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TERRACE

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VOL. 25 NO. 5

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Wednesday, May 16, 2012

Miners hope to ease fears

MARGARET SPEIRS PHOTO

■ Super JOCELYN CHAMPION and Alycia Iuliano of the team Skeena Cancer Cause take a break from walking at the Relay for Life at the Skeena Junior Secondary track May 12. Sunny weather was the order of the day.

THE OWNERS of a copper and gold mineral deposit north of here hope to convince the Tahltan First Nation that groundwater won’t be affected by its development. Imperial Metals received a mines permit to allow construction of the Red Chris mine May 4 and the Tahltan Central Council issued a statement the same day in opposition. Company representatives are to meet in Smithers today with technical representation from the Tahltan to go over water monitoring plans stemming from the mine’s development. The water work shop is part of a larger plan to decide upon what degree of monitoring needs to take place and how often, said Byng Giraud from Imperial Metals. “They’re not entirely satisfied with the water situation,” said Giraud last week. “We respect that.” “We’ve committed to a water plan,” said Giraud, adding the Tahltan have requested a third party review of documents pertaining to the mine’s construction. Red Chris is located approximately 500 kilometres north of Terrace. The property itself is southeast of Iskut, a mostly Tahltan village on Hwy37 North. Imperial Metals says there’s enough ore at the site for a mine life of 28 years and has a construction budget of $450 million. The mine is expected to employ 30 people and to be open by mid-2014, in time to be the first major customer to take power

from BC Hydro’s Northwest Transmission Line which is now under construction. Environmental approval has already been granted by the provincial and federal governments and Imperial has been working on getting permits, financing and a construction schedule in place. As building the actual mine has yet to start, Giraud added that there’s still plenty of time to make sure those involved are satisfied with a water monitoring plan. The Tahltan are worried about the effects of a tailings pond that’s part of the Red Chris open pit mine plan. In the May 4 statement released the same date the mines permit was issued, Tahltan Central Council president Annita McPhee said the Tahltan have been pressing their point about groundwater pollution for years. “Not everything has been done to address our concerns about long-term pollution to our water, and the damage to a landscape that our people have relied on to feed and support themselves since time immemorial. We do not accept that it can proceed without having our concerns properly addressed,” she said. For its part, the province says that a monitoring committee will be set up to keep an eye on Red Chris operations. The province and Imperial will have representatives on the committee as will the Tahltan. Imperial owns 50 per cent of the Huckleberry mine near Houston and owns the Mount Polley copper mine in the Cariboo.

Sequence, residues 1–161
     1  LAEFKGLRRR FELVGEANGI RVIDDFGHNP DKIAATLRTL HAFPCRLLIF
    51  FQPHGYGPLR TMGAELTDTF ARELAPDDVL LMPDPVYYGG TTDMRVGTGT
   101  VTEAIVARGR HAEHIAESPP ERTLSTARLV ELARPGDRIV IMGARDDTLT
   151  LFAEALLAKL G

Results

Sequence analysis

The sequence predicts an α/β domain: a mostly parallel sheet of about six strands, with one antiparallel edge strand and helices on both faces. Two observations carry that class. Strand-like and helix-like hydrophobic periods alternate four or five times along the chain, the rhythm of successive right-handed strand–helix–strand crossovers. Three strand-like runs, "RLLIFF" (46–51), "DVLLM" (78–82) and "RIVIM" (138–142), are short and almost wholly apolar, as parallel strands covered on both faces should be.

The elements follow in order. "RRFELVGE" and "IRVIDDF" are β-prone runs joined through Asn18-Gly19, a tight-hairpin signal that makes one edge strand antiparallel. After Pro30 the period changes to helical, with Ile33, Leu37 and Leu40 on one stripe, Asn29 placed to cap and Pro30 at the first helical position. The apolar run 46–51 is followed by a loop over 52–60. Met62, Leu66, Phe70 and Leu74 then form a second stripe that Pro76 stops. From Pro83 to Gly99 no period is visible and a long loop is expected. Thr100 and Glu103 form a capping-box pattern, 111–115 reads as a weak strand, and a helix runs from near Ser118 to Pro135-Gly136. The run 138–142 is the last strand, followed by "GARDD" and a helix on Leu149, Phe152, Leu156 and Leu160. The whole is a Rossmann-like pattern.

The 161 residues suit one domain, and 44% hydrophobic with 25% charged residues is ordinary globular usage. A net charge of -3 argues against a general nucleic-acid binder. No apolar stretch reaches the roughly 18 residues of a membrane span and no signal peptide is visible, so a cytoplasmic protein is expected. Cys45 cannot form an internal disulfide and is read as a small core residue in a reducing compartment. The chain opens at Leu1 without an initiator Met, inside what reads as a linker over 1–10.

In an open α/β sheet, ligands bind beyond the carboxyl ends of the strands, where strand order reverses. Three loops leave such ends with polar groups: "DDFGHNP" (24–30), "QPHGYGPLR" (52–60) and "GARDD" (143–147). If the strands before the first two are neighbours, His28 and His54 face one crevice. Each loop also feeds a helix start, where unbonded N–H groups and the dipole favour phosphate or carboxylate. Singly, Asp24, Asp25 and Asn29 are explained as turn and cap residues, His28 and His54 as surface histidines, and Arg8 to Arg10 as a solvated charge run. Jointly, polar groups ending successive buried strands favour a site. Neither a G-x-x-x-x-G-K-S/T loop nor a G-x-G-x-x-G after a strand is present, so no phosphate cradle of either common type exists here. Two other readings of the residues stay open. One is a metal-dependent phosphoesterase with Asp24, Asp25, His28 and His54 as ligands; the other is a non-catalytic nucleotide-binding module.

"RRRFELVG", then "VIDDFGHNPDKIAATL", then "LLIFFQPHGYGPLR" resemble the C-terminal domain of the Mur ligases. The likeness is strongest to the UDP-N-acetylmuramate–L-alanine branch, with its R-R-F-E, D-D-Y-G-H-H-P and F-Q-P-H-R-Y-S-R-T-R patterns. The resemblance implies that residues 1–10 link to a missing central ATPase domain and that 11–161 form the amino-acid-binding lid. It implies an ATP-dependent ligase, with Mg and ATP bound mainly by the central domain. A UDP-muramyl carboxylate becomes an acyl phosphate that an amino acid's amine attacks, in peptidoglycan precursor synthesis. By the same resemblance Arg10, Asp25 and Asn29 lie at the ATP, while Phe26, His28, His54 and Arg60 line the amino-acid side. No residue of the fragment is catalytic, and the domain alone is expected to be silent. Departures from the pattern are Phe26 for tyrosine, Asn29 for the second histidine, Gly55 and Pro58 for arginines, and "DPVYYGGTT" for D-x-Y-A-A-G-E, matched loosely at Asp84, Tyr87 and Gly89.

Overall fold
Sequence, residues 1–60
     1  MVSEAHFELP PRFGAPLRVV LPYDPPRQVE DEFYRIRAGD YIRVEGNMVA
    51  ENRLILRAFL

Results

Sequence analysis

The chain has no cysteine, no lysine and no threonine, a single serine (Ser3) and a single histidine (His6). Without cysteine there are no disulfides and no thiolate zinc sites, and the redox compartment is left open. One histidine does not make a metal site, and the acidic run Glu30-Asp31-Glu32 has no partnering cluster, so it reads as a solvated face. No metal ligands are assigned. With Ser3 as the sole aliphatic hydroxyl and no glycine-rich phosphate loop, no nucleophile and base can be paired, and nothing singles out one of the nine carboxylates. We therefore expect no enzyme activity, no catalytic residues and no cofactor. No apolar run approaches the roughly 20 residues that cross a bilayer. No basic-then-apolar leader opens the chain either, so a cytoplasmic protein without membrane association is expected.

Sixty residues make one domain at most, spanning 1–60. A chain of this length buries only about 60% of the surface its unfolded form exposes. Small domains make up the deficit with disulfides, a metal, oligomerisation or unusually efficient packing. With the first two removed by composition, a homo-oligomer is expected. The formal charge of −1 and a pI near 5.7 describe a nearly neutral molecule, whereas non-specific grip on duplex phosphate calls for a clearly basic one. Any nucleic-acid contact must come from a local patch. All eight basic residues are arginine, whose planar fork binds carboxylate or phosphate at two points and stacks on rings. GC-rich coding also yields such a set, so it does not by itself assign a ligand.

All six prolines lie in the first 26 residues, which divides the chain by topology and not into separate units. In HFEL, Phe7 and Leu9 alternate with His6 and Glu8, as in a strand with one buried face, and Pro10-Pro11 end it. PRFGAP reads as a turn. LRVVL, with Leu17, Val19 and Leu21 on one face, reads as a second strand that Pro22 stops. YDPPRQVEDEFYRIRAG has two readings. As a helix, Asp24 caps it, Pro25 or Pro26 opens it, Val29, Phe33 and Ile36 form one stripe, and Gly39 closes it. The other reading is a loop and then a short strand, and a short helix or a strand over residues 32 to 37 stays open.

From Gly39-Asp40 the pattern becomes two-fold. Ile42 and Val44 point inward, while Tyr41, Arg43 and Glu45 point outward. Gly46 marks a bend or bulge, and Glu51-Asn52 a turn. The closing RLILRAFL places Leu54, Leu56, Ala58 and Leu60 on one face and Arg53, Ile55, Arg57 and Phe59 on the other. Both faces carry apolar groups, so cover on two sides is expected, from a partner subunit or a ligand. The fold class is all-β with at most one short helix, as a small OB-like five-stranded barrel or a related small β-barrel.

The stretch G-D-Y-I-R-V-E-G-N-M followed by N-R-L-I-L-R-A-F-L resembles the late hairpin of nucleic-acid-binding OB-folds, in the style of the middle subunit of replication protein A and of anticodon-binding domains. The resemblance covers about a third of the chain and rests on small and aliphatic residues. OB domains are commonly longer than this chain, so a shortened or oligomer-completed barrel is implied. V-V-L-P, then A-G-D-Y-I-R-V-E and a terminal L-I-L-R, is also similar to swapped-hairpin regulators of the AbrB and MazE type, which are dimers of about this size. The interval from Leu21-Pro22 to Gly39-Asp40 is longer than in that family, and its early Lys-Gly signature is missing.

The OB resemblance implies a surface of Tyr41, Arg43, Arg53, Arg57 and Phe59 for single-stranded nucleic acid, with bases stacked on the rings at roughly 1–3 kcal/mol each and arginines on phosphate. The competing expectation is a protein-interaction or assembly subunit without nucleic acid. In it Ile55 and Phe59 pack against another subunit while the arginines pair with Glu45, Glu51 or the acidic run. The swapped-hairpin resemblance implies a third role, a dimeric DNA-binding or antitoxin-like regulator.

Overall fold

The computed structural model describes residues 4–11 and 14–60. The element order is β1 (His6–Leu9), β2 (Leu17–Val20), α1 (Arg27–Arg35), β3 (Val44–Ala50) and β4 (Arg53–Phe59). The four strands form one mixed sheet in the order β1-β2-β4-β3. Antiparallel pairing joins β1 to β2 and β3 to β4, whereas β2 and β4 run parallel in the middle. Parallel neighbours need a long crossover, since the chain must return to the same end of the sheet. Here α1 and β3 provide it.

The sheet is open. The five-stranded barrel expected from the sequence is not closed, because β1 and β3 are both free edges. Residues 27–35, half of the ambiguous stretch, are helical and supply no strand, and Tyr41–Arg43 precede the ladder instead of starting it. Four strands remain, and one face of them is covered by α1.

Man gets one day for manslaughter By MARGARET SPEIRS A MAN who pleaded guilty to manslaughter here was released from jail the day he was sentenced. Brandon Davey, 23, was sentenced May 9 to five years in prison for the 2009 killing of Richard Woodrow, 46, in Thornhill. Davey was arrested after the incident and had been in custody for two and a half years already awaiting trial for the incident. And since the crime occurred when a policy was in place that permitted a person to deduct two days off a prison sentence for every day spent in pre-trial custody, Davey

was eligible for immediate release. But at Davey’s sentencing hearing, Mr. Justice Selwyn Romilly of the BC Supreme Court said he couldn’t give a sentence that amounts to time already served. He then ordered Davey to spend one more day in jail before being released; however, his time in court would count as that one day. So after court paperwork was completed, he was released. Davey was arrested after a Nov. 17, 2009 Thornhill incident in which Woodrow was beaten with a hammer. He later died in a Vancouver hospital.